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Saturday, 11 January 2020

Margazhi Blogotsavam: Day 26: The Brother of Sita: Prayagdas

A poor widow lived in Janakpur with her only son Prayagdas. On the day of rakshabandhan, all the other lads in the village sported colorful raakhis. Prayagdas was sad. No one to tie a raakhi to him! Crying bitterly, he asked his mother why he didn’t have a sister too. Poor mother couldn’t bear to see her little one’s anguish.

“Who says you don’t have a sister? You do! Her name is Sita!” she said.

“Then why doesn’t she come and tie me a raakhi?” wailed Prayagdas.

“She lives in faraway Ayodhya with her husband Ram. She is busy taking care of her family there, how can she come here?” consoled the mother.

“If she can’t come here, I’ll go to see her then,” insisted Prayagdas.

The mother dissuaded him, saying Ayodhya was very far away, and that he could go there when he grew older. But Prayagdas now had a goal in mind and wouldn’t give in. At dawn the next day, he woke up early, got ready, and was about to leave, when he suddenly realized he must take a gift to give his sister after she tied him the raakhi.

There was nothing in that poor, dilapidated home. He remembered that his mother had 2 dhotis. He took one of them and washed it clean. It was torn in places – he tied tiny knots to hide the tears and folding it neatly, carried it away with him.

As he walked on and on, he felt tired and sat under a tree in the forest and fell fast asleep. When he woke up, he found himself in the town of Ayodhya! Now he had no address for his sister’s house. So, he began asking people there to guide him to the house of his sister Sita and brother-in-law Ram. People told him, “Here in Ayodhya, there is a temple of Ram and Sita. We don’t know of any house for them.” 

Shri Ram and Sita in Kanak Bhavan temple in Ayodhya
Image courtesy:
Prayagdas insisted that his sister lived in a house and not a temple. Determined to find her, he searched high and low. Finally, tired beyond words, he sat under a tree on the outskirts of the town. “Perhaps they didn’t want to acknowledge me in broad daylight because I’m poor,” he thought, “Maybe now that it is dark, they will come in search of me,” he hoped.

After a while, a bright light woke Prayagdas from his slumber. He could see a decorated elephant coming his way. A man and woman got down from the elephant and rushed to him. The man said, “Prayagdas, this is your sister Sita.” Prayagdas was sceptical. “No, I don’t think so!” he declared. “Why do you say so?” the man asked.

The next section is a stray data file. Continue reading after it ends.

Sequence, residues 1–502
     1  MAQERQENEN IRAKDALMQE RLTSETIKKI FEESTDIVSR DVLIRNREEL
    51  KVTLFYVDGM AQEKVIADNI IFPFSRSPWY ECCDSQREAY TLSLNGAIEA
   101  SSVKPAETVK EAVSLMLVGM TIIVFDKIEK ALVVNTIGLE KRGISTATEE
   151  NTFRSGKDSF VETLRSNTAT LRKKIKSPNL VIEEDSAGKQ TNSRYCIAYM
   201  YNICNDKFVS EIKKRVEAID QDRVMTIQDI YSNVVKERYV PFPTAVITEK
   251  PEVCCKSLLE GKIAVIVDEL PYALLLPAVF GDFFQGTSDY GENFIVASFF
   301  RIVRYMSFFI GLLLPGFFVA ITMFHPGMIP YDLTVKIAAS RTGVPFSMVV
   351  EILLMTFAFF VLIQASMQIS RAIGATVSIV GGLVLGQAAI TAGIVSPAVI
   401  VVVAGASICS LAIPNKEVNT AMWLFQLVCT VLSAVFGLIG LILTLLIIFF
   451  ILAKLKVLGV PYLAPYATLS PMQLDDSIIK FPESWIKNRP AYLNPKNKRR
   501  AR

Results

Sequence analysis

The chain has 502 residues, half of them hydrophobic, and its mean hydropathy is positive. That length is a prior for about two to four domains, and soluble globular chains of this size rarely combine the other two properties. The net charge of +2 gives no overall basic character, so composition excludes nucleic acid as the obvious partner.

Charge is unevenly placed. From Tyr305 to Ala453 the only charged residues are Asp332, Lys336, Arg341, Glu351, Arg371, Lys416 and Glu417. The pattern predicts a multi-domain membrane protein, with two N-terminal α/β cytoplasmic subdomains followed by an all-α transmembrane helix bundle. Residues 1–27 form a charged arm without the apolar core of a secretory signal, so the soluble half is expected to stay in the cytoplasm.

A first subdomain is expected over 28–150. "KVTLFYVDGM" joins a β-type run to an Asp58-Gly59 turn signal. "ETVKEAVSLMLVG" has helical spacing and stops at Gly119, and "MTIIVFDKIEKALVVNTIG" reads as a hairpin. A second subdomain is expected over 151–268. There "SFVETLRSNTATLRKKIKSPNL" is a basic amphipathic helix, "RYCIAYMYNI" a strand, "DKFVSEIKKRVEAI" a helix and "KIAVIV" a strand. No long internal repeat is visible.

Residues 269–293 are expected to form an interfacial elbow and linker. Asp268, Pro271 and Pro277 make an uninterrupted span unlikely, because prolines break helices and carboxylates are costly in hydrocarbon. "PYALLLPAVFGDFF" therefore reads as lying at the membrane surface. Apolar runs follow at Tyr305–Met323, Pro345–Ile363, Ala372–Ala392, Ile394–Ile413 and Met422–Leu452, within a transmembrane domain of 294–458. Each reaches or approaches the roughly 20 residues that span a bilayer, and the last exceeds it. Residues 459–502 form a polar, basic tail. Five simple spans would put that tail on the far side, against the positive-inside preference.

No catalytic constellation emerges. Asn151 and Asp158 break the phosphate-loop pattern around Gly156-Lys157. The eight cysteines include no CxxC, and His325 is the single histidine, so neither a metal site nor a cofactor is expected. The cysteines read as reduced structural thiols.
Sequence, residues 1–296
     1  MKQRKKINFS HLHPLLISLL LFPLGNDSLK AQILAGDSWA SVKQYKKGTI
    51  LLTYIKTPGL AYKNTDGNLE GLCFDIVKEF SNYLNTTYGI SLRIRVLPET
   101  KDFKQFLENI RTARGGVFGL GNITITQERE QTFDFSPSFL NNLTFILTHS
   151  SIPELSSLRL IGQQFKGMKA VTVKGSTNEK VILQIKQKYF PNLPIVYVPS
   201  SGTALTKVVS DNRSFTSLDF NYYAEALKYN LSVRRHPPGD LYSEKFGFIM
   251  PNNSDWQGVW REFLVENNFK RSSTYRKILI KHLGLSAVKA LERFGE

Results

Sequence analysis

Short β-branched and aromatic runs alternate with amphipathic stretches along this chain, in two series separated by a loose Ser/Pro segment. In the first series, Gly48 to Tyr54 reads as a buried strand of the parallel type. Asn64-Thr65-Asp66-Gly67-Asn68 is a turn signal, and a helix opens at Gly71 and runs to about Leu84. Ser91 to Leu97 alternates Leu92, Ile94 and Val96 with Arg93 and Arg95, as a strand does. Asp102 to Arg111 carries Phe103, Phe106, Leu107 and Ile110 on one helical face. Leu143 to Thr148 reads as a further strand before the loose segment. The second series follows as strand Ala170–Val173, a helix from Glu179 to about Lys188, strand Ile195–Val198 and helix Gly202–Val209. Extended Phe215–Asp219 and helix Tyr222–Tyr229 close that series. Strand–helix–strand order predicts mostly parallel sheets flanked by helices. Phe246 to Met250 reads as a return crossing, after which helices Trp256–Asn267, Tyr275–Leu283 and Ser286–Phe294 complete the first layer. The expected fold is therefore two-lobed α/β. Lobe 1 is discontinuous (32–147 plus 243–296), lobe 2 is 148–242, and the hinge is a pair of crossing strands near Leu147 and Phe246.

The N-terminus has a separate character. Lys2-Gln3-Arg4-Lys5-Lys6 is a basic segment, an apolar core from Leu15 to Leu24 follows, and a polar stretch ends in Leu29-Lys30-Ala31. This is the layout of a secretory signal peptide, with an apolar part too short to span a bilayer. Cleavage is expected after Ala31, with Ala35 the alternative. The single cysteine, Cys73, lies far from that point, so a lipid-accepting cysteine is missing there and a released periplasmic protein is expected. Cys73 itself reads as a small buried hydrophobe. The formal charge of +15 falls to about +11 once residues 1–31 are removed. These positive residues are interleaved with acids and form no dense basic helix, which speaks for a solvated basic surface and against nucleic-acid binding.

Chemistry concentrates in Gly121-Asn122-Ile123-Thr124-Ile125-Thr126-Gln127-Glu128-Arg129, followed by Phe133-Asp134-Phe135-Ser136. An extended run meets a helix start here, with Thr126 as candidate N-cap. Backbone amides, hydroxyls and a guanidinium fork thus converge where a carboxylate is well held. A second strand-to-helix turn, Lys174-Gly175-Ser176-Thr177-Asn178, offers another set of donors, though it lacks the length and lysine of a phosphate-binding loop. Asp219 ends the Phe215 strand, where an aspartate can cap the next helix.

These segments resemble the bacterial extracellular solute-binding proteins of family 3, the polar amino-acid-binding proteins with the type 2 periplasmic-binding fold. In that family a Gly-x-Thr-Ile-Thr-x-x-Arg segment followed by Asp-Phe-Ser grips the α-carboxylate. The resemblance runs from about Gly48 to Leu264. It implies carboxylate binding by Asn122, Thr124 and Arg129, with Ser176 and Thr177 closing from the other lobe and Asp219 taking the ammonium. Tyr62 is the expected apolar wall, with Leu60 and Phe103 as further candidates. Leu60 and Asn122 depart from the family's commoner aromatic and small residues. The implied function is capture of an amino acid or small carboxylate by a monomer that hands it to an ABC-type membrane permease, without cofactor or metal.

“Is this the way sisters greet their brothers? If she was really my sister, she would hug me and cry her eyes out!”

No sooner had he said this, than the woman ran to Prayagdas and embraced him lovingly. With tears in her eyes, she asked how he was, and how their mother was in Janakpur. She tied a raakhi on the hand of Prayagdas, and stood smiling at him with a lot of love.

Seeing the opulence of the couple, Prayagdas was ashamed of his gift. But how could he not give anything? So, with tears in his eyes, he pushed the dhoti he had brought into the woman’s hands. In a soft voice, she said, “I know that mother has only 2 dhotis. You give this back to her as a gift from me.”

Just as miraculously as they had come, the divine couple disappeared, leaving Prayagdas below the tree, lost in a world of inner ecstasy.

The next morning, a saint passed that way, and recognized that this child was caught in the throes of a deep spiritual experience. He took Prayagdas with him to the nearby ashram. A little while later, two ladies came there with plates of food. “This is the prasad from the Satyanarayan pooja in our house. Please partake of it. We will come back later for the plates,” they said and went away.

Prayagdas and the saint ate the Prasad. When the plates were empty, they realized they were made of gold! Despite waiting for the whole day, no one came to claim the plates. The saint told Prayagdas, “Child, you take these plates with you. They will be of help to your family.” But the child had no desire for the gold. Neither did the saint. So, throwing the golden plates into the stream flowing nearby, the two devotees of Sita Mata made their respective ways home.

Can we aspire to the innocent bhakti of little Bhakt Prayagdas?

Bhakt Charitank. Bhaktamal by Nabhadasji. Gorakhpur Press


  1. Touched by the love of Prayagdas. Also amazed by the society where so much love existed between the siblings. Thanks for sharing. Hungry for more stories of bhaktas

    1. Thank you! Those were amazing times! 🙏🏼

  2. Pranams. You have a way with words! They go right to the heart. God bless! Hari om


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